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Taxonomic and developmental aspects of radiosensitivity

Description: Considerable information is available on the effects of radioactivity on adult and early life stages of organisms. The preponderance of data is on mortality after a single irradiation with relatively high doses. Unfortunately, because experiments were carried out under different conditions and for different time periods, the validity of comparing the results from different laxonomic groups is questionable. In general, the conclusions are that there is a relationship (1) between radioresistance to high doses of acute radiation and taxonomy of the organism, primitive forms being more radioresistant than complex vertebrates and (2) between radiosensitivity and developmental stage, early life stages being more sensitive than later stages. The first conclusion may be related to the capability of the organism to repopulate cells and to differentiate and redifferentiate them; the second to the rate of cellular division and to the degree of differentiation. In question, however, is the relevance of the responses from high levels of acute radiation to that of the responses to long-term exposure to low levels of radiation, which are ecologically of more interest. Data from studies of the effects of acute and chronic exposure on development of gametes and zygotes indicate that, for some fishes and invertebrates, responses at the cellular and molecular levels show effect levels comparable to those observed in some mammals. Acute doses between 0,05 and 0.5Cy and dose rates between 0.02 to 0.2mCy/h appear to define critical ranges in which detrimental effects on fertility are first observed in a variety of radiosensitive organisms. To better understand inherent radiosensitivity, we need more information on the ability of cells to repopulate and differentiate and to prevent or repair damage to biological critical molecules, such as DNA, because these factors may alter significantly organisms` responses to radiation.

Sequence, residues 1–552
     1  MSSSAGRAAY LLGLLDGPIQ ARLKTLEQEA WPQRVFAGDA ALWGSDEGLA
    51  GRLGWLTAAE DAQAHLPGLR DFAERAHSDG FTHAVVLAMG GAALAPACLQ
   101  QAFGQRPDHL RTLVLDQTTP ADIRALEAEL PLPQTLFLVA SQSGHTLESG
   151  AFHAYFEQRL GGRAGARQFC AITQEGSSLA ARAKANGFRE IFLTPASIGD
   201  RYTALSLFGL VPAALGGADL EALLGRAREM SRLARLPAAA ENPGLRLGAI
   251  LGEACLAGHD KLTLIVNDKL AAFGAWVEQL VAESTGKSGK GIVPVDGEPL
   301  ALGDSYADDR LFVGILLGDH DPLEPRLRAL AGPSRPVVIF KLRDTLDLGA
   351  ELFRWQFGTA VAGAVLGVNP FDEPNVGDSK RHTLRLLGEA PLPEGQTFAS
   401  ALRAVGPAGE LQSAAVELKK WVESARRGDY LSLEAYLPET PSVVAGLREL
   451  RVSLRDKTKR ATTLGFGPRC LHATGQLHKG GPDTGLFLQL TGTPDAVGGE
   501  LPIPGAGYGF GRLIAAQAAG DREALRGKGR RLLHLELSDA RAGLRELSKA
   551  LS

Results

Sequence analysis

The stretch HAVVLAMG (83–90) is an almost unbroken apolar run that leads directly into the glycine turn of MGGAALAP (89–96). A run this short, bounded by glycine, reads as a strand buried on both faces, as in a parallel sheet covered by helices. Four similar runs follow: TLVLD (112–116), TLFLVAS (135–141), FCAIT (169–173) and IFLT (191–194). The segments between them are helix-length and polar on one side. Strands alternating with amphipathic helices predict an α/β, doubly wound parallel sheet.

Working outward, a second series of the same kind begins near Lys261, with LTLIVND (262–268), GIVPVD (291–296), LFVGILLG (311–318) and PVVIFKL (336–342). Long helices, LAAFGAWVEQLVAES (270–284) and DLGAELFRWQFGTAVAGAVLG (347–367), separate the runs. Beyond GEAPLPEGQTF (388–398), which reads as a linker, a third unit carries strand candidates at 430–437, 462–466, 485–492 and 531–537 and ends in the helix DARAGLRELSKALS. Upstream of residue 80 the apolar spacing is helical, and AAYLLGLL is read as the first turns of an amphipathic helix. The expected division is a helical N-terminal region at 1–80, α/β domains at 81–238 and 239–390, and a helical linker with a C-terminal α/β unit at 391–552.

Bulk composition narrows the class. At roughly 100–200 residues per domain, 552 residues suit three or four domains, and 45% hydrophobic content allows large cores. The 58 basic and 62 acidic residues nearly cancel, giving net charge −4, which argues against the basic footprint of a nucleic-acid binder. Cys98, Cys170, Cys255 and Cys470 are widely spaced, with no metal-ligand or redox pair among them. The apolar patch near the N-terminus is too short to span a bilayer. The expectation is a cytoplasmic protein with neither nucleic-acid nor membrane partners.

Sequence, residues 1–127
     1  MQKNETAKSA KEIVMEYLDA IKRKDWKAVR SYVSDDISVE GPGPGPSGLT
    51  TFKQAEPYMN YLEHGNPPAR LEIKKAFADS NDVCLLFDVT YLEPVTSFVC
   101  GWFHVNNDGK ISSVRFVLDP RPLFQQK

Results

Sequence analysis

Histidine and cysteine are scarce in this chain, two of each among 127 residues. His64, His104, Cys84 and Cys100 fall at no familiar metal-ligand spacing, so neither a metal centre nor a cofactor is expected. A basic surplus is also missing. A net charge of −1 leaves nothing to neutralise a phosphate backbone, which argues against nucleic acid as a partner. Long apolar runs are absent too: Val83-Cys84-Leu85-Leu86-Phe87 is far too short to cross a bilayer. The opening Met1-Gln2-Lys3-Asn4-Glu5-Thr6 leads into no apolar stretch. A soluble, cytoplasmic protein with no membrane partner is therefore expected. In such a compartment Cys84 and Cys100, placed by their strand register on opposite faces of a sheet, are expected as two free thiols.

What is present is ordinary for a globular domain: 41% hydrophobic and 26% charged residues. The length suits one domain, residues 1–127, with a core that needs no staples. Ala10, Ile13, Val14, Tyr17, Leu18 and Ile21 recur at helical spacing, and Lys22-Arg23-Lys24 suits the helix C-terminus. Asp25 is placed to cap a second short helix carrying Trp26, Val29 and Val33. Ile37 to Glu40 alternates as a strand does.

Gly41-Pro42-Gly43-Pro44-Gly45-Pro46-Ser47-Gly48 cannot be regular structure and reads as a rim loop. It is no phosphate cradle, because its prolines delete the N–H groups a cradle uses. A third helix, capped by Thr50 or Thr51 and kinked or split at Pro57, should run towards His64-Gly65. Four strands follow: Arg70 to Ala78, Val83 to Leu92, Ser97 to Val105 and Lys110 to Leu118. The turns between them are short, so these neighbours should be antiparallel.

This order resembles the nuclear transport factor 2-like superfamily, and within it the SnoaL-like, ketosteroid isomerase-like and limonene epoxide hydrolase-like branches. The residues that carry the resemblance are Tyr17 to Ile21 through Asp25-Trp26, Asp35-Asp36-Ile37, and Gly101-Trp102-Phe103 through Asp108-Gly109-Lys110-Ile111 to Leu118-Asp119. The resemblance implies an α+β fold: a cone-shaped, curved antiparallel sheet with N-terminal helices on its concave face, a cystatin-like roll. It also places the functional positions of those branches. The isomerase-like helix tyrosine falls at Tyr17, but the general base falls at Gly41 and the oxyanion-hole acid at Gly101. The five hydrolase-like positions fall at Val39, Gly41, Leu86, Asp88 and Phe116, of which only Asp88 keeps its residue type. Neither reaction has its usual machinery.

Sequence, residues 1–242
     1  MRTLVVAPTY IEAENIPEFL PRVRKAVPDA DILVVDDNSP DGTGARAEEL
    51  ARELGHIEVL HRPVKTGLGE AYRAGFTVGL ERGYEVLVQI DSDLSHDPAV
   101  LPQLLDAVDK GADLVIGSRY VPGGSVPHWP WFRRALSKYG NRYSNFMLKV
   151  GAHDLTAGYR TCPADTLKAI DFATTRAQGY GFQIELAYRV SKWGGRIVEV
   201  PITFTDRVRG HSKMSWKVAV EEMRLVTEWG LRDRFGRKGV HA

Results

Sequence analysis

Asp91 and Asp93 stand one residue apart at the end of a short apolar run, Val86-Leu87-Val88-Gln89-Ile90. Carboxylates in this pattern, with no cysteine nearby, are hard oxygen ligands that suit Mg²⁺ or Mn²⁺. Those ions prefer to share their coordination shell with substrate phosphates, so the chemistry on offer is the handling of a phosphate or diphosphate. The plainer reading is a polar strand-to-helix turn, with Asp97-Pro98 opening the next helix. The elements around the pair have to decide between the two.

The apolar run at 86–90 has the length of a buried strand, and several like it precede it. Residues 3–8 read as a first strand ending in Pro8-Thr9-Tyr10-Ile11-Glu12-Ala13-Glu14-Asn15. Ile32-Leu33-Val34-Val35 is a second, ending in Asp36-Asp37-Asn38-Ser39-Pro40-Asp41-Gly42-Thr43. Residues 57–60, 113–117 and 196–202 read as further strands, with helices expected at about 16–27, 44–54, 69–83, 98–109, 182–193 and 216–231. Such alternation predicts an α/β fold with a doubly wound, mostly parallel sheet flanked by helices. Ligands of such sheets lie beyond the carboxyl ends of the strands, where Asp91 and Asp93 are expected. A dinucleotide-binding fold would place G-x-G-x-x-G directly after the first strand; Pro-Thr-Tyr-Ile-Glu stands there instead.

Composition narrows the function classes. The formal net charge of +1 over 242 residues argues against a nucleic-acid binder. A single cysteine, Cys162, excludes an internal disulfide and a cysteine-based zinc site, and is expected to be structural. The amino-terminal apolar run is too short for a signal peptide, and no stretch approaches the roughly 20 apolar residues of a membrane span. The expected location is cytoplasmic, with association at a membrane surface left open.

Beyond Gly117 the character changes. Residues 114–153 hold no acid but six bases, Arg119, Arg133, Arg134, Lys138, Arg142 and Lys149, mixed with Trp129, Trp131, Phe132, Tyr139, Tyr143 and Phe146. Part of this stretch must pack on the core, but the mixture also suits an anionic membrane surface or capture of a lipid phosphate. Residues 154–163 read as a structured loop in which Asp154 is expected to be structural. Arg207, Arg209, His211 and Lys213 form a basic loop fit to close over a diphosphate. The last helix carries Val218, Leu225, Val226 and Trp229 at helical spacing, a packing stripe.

Date: November 1, 1996
Creator: Harrison, F.L. & Anderson, S.L.
Partner: UNT Libraries Government Documents Department

Tritium stripping in a nitrogen glove box using palladium/zeolite and SAES St 198{trademark}

Description: Glove box clean-up experiments were conducted in a nitrogen glove box using palladium deposited on zeolite (Pd/z) and a SAES St 198{trademark} getter as tritium stripping materials. Protium/deuterium samples spiked with tritium were released into a 620 liter glove box to simulate tritium releases in a 10,500 liter glove box. The Pd/z and the SAES St 198{trademark} stripper beds produced a reduction in tritium activity of approximately two to three orders of magnitude and glove box clean-up was limited by a persistent background tritium activity level. Attempts to significantly reduce the glove box activity to lower levels without purging were unsuccessful.